3. Avoid Pressure and Blame

In any type of relationship, pressuring a partner to have sex is unhealthy. Asexual people in relationships with sexual partners sometimes face a special type of pressure based on the stigma that says asexuality is not normal or unnatural.

Because the common narrative in our society is that sex is healthy and required for intimate relationships, asexual people are sometimes pressured by partners or by internal pressure to aspire to society’s idea of a  “normal” and “healthy”  relationship. And aces are often blamed when problems related to sex arise in the relationship.

No one tells my partner he needs to see a therapist to do something about his heterosexuality or his desire for sex. But therapy has been suggested for me several times. No one says, “Wow, he wanted to have frequent sex? How horrible!” But people have responded to articles I’ve written about asexuality with, “Wow, that must suck for your boyfriend.”

This type of thinking within a relationship can cause partners to place harmful pressure their ace partners and can lead to partners coercing and crossing sexual boundaries.

Instead of pressure and blame, opt for open communication.

4. Open Communication About Sexual Needs and Boundaries Is Vital

While it’s important to avoid pressure, non-asexual partners in relationships with aces need to be clear about their sexual needs.

For a while, my boyfriend had a difficult time bringing up his sexual needs because he didn’t want to seem like a jerk. He equated talking about his sexual needs with sexual pressure. So for a long time, he was very frustrated, and I would always wonder why he was so testy. His attitude affected other parts of our relationship.

A lot of drama could have been avoided if he would have been more open about his needs from the beginning.

He and I now have monthly check-ins to make sure we are both comfortable with our sex life. We talk about his needs, my boundaries, and what is or isn’t working for us. And every now and then, we have to discuss how his needs are not being met, or I have to school him on what is and isn’t appropriate to say to an ace (like referring to my feelings about sex as “childish” – do not do that to your ace partners!). It’s a learning process for both of us, and we’re constantly talking through it.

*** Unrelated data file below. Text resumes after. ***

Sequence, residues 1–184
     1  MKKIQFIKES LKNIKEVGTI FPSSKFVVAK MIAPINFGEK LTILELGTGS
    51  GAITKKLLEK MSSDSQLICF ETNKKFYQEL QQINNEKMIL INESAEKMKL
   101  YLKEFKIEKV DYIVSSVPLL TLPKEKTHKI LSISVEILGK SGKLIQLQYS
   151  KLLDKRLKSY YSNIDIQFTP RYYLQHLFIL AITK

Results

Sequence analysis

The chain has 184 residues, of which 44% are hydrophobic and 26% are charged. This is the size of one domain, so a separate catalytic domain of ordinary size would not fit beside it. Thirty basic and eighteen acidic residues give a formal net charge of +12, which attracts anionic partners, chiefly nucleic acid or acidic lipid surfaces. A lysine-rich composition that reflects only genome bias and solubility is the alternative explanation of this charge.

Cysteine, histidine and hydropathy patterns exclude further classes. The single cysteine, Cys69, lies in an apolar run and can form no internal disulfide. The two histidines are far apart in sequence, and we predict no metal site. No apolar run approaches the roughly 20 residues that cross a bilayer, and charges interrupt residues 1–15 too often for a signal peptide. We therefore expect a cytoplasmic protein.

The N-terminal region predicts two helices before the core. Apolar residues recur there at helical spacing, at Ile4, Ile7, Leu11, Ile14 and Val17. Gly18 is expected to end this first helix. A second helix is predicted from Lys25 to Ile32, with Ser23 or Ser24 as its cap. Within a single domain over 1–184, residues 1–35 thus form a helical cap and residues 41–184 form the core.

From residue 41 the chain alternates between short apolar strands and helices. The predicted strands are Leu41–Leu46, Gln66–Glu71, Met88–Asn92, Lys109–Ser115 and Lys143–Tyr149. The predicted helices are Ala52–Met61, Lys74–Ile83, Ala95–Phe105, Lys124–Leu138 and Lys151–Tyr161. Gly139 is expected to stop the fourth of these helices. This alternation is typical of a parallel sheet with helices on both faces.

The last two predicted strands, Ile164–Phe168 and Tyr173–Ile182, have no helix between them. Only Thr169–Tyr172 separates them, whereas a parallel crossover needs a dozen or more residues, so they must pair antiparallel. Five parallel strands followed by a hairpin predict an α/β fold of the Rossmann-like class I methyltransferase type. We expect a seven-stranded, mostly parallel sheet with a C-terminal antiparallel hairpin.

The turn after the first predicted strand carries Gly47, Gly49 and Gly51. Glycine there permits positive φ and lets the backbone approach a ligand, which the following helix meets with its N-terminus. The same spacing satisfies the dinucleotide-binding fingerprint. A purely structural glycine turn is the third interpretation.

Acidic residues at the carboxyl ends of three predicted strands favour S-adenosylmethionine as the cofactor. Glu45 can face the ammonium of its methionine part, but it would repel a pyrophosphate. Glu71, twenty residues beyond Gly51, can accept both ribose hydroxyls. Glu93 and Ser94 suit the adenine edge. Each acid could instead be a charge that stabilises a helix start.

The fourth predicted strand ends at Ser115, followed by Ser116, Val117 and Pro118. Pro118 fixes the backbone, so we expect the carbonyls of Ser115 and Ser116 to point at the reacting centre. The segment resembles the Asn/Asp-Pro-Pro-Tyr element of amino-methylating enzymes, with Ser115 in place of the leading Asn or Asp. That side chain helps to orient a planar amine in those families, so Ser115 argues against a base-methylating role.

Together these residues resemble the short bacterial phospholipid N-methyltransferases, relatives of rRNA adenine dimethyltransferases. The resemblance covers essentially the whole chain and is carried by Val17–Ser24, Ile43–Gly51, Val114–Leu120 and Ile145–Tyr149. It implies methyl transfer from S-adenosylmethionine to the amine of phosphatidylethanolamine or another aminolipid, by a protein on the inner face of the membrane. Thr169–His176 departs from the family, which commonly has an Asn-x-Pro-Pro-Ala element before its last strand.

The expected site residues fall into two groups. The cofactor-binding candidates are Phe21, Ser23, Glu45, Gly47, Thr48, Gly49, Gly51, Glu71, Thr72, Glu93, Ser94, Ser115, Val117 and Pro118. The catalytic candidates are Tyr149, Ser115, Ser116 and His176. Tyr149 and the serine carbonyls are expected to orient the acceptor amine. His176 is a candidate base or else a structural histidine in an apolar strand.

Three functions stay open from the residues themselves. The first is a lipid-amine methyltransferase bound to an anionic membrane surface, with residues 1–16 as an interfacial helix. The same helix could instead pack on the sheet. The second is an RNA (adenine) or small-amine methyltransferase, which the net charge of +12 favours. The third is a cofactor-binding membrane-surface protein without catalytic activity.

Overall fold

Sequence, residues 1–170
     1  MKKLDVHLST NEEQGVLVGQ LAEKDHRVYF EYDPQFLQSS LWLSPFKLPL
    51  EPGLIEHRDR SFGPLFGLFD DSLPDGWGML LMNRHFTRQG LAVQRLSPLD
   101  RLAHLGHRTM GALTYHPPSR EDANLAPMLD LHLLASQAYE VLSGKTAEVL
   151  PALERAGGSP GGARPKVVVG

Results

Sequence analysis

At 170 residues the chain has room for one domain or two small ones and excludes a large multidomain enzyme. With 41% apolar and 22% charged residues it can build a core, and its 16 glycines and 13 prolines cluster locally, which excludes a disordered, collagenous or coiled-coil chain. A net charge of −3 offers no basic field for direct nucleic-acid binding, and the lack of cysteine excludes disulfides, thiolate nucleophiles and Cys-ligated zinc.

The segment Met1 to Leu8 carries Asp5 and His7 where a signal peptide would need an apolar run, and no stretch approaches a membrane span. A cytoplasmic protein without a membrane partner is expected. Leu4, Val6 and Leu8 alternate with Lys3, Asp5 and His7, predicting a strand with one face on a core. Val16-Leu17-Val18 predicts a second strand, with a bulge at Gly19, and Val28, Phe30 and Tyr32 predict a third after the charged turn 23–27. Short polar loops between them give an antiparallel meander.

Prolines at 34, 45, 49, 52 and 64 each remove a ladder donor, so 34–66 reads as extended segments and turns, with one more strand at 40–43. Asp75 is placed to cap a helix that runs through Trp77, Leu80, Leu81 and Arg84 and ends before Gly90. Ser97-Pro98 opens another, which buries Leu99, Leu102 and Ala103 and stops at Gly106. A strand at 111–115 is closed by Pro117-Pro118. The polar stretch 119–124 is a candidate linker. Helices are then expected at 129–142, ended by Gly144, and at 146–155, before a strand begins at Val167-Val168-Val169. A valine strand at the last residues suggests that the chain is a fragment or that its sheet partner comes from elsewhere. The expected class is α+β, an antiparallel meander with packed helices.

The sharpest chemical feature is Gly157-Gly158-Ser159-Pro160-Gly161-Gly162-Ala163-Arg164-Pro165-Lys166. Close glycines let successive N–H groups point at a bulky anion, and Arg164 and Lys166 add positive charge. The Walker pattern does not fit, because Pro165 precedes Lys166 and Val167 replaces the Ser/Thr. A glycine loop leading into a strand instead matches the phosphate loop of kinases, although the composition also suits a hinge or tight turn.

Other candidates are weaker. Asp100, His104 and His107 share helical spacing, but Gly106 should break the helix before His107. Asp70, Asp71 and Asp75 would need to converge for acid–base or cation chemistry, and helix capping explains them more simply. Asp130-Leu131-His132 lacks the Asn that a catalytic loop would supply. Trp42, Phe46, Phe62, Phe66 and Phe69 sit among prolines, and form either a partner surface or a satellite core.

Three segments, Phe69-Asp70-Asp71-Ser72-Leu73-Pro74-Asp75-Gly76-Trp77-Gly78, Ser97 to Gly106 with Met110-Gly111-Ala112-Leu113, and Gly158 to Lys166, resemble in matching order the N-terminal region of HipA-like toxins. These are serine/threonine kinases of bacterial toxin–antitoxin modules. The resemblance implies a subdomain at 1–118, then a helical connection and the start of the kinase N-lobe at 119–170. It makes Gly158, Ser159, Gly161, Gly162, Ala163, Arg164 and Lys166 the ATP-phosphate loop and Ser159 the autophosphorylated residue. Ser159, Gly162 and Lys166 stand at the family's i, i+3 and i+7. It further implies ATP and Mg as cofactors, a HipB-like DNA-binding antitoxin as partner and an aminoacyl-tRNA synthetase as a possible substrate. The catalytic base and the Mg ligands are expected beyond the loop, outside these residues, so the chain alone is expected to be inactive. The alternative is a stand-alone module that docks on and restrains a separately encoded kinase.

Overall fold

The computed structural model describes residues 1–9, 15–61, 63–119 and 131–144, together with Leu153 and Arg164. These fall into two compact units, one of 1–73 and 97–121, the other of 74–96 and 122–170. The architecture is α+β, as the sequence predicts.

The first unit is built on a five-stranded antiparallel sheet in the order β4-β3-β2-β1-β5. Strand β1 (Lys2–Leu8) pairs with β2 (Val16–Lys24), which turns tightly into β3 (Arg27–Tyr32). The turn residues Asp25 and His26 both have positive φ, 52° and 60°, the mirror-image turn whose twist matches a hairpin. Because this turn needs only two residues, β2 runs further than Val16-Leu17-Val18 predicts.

Partners should be able to address their sexual needs and their boundaries. Both are important. While non-aces need to understand their partner’s asexuality, at the same time, aces need to understand their partner’s sexuality.

However, it’s important to know the difference between sexual needs versus sexual entitlement. The former is a valid experience a person has, while the latter plays into our society’s normalized oppressive beliefs about who is “owed” sex. Sexual needs are okay in a relationship, entitlement is not.

The goal is to find the middle ground where sexual needs are met while boundaries are respected.

Sometimes, that involves getting a little creative. That’s where my last point comes in.

5. Expand Your Definition of a Relationship

When finding the sweet spot between sexual needs and boundaries is difficult, you may have to get a bit more creative.

Some kind of compromise is important in relationships where people have mismatched sexual needs. Some aces want sex with their partners, while others are willing to compromise and have sex every once in a while. Every ace is different so every relationship will look different.

Additionally, people in relationships can explore many alternatives to the “traditional” relationship: Maybe you can try out open or non-monogamous types of relationships. Maybe you’re willing to participate in other forms of intimacy. Maybe you connect in other ways (sexual compatibility isn’t the only factor that keeps relationships together).

Your relationship doesn’t have to conform to a certain expected standard. It’s your relationship, so it’s up to you to create the rules.

Again, this all depends on what partners in relationships are comfortable with. Sometimes this involves going back to the drawing board several times to revise a compromise or agreement in the relationship. Sometimes there is no compromise to reach and the relationship ends. Every relationship won’t be successful, and that’s okay.

***

Truth is, these five points are true for many relationships, not just those involving aces. So really, our relationships may not be too much different from any other relationship.

Yes, relationships where partners have mismatched sexual needs are challenging. Finding the compromise between fulfilling sexual needs and respecting boundaries can be tough. My partner and I haven’t gotten it down to a science yet. But we are trying and have been working it out.

It helps to remember that sexual compatibility isn’t always the glue that holds relationships together. I’ve seen tons of sexually compatible partners end relationships for various reasons.

All relationships require effort. But some are worth that effort.

So, good luck out there. I’m keeping my fingers crossed for all the aces looking for fulfilling relationships.

Shae Collins is a Contributing Writer for Everyday Feminism. She enjoys educating and uplifting by aiming a black feminist lens at pop culture on her blog, awomynsworth.com. She’s been published in Ms. Magazine, For Harriet, and Blavity. Laugh with her on Twitter @ShaeCWrites.